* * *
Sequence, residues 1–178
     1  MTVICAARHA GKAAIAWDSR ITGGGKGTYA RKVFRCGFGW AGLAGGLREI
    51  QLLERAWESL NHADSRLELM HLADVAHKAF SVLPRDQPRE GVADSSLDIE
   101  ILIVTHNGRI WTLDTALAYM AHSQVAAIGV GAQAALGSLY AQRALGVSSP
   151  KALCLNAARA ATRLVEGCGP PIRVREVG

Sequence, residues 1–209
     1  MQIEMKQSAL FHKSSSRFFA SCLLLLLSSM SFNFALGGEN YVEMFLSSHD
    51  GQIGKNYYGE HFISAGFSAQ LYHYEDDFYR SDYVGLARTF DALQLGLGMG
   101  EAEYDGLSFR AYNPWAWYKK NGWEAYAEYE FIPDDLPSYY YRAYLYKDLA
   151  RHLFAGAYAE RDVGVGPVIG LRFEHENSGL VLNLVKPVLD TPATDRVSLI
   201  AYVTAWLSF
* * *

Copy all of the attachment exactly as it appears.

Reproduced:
Sequence, residues 1–178
     1  MTVICAARHA GKAAIAWDSR ITGGGKGTYA RKVFRCGFGW AGLAGGLREI
    51  QLLERAWESL NHADSRLELM HLADVAHKAF SVLPRDQPRE GVADSSLDIE
   101  ILIVTHNGRI WTLDTALAYM AHSQVAAIGV GAQAALGSLY AQRALGVSSP
   151  KALCLNAARA ATRLVEGCGP PIRVREVG

Sequence, residues 1–209
     1  MQIEMKQSAL FHKSSSRFFA SCLLLLLSSM SFNFALGGEN YVEMFLSSHD
    51  GQIGKNYYGE HFISAGFSAQ LYHYEDDFYR SDYVGLARTF DALQLGLGMG
   101  EAEYDGLSFR AYNPWAWYKK NGWEAYAEYE FIPDDLPSYY YRAYLYKDLA
   151  RHLFAGAYAE RDVGVGPVIG LRFEHENSGL VLNLVKPVLD TPATDRVSLI
   201  AYVTAWLSF